Tash Sekar Goodman
Protecting your Mental Health over the Festive Period
Updated: Nov 27, 2019
The festive season can be a time of joy and spending time with loved ones but it can also be a stressful and lonely period. During this season, the pressure to be seen to be having a good time can feel overwhelming if you are dealing with mental health issues and emotional difficulties. In addition, Christmas can bring lots of additional stresses such as travelling, eating more food, drinking more alcohol, family arguments, financial pressures and increased household work. But not to worry - here are some tried and tested ways that you can use to protect your mental health over this busy time of year.
1. Accept your feelings
If you have lost or can’t be with loved ones – realise you are allowed to grieve and allow space for this to happen. It might also help to talk about your feelings to a friend/family member or better yet somebody professional. Remember that there is no ‘right’ way to feel. It is not uncommon to feel angry/upset or disappointed around this time of year. All emotions are a sign you are human and reflect where you are in your healing process.
2. Be gentle with others
The unrealistic expectations we often have for Christmas can result in unrealistic expectations we put on other people. If you didn’t get a Christmas card from someone, don’t assume they don’t love you. They might be insanely busy, lack funds or choose not to follow the tradition anymore. The truth is we have no idea what somebody else is going through especially around this time of year where stress levels can be high – so go easy on people. Practice responding with compassion and kindness. You will feel better in taking the high road and have less stress in the long run.
3. Plan a day for yourself
Set aside one day/half a day where you plan something for yourself. Ask yourself, what do I really want to do? It can be something as simple as cooking a meal, taking a walk or going out for brunch. Perhaps you may want to kick back and do nothing for a whole day? Whatever it is that your heart desires – do it for yourself. Remember that you are the most important person in your life – so take time to do the things that make you happy. Your responsibilities can wait!
4. Learn to say 'No'
Saying 'yes' when you should say 'no' can leave you feeling resentful and overwhelmed. Friends and colleagues will understand if you can't take part in every project or activity. Practice saying 'no'. Below are a couple of responses that I keep in my brain bank for when I need them. If it's not possible to say no, try to remove something else from your diary to make up for the lost time.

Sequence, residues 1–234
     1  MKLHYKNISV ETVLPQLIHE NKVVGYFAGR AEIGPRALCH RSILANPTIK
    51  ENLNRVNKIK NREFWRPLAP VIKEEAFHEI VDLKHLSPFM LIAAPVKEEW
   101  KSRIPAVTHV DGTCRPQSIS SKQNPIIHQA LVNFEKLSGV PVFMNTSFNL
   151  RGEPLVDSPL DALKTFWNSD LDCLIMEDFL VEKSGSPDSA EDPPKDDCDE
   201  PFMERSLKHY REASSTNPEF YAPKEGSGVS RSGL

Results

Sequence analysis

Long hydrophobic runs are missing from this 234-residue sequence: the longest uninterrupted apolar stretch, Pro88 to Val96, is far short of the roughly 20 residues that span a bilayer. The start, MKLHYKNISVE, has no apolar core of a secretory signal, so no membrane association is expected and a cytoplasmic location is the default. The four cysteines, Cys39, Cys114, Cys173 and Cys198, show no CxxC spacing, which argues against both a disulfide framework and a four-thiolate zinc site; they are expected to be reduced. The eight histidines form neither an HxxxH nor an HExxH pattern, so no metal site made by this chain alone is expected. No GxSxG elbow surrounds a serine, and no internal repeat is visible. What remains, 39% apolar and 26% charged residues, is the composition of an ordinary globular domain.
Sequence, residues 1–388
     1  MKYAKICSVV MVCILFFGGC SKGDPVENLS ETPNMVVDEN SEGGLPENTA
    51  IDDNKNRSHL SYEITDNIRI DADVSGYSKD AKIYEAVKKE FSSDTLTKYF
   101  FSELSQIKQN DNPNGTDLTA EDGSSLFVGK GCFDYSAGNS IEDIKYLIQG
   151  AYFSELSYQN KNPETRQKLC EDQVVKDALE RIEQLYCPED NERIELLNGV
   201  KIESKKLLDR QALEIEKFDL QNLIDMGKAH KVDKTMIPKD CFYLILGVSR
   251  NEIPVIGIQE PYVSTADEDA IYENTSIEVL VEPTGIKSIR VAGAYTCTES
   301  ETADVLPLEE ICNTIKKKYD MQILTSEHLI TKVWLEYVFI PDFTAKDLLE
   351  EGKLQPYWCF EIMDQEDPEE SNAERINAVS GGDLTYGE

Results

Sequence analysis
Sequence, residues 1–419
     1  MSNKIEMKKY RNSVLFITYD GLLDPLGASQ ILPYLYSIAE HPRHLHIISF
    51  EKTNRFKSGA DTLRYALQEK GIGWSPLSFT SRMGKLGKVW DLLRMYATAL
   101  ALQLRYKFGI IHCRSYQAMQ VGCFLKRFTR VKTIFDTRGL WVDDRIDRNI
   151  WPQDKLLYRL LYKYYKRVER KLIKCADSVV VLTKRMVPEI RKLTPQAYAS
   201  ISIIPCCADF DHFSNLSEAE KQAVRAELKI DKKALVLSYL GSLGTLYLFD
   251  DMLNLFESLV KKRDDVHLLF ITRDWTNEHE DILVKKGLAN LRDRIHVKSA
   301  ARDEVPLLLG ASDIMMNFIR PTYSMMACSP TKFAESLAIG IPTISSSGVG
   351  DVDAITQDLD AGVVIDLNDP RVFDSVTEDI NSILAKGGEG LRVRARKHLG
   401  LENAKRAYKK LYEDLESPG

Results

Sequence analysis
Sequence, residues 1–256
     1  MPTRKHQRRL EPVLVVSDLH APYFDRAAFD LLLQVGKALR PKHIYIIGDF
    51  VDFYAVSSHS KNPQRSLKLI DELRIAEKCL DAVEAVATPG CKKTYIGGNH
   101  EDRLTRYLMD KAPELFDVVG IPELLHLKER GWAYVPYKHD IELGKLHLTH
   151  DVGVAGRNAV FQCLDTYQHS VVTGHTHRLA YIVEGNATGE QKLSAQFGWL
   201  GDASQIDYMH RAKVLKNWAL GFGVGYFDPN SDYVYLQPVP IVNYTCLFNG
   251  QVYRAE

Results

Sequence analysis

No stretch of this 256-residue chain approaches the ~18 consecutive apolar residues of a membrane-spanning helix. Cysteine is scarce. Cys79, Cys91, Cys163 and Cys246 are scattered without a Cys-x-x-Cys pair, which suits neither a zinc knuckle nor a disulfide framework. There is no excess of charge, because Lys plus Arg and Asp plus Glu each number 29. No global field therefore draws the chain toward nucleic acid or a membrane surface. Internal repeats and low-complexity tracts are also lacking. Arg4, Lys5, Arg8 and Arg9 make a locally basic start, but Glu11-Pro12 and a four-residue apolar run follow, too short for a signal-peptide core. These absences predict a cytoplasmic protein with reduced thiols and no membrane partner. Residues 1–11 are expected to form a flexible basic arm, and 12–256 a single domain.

· I wish I could but...
· I'm fully booked for new projects right now
· I've got a policy of not taking on any work until (insert date/month), until the busy period is over
· Your event looks amazing, but I'm afraid I've got too much on my plate right now
· It would be great to catch up, but I can't this week
Saying No when Caught Off-Guard
· Let me get back to you on that
· I'll check my diary and let you know
· Give me a few days to think about it
5. Make time for exercise and/or movement
Often when I have overbooked myself, I avoid exercise and movement completely. But our bodies need to move (both for our physical and mental health), whether it be for five minutes or a whole hour. Sometimes, changing up your exercise routine can encourage you to be more motivated. Explore new ways of moving the body whether it be dancing, climbing or some good old yoga (check out my blog posts or online classes for some ideas). I find that I tend to skip exercise if I do not write it down in my diary and make time for it. Write it down so you have it as a visual reminder.
6. Avoid family conflict
Enjoying yourself can sometimes mean declining to engage in conversations that are triggering or energetically draining for you. Setting boundaries for yourself can help with this. There is no need to explain to Aunty Jane why you have decided to go vegetarian for a month or what nurseries you have decided on. Polititely decline and change the subject.
7. Focus on the important things
Christmas shouldn't be all about the presents, but financial troubles can make it easy to lose sight of that. Rein in the stress by organising a gift exchange with friends or family (Secret Santa). You can also make your gifts or create traditions like ‘bring-a-dish’ followed by a walk outside and board games by the fire. Realise deeply that there is no such thing as the perfect Christmas and/or the perfect family and focus on enjoying what you can. It will be the New Year before you know it!
I hope you have a wonderful Christmas whatever you decide to do and a Happy New Year. Be good to yourselves. Lots of love, Tash and Dexter the Dog xxx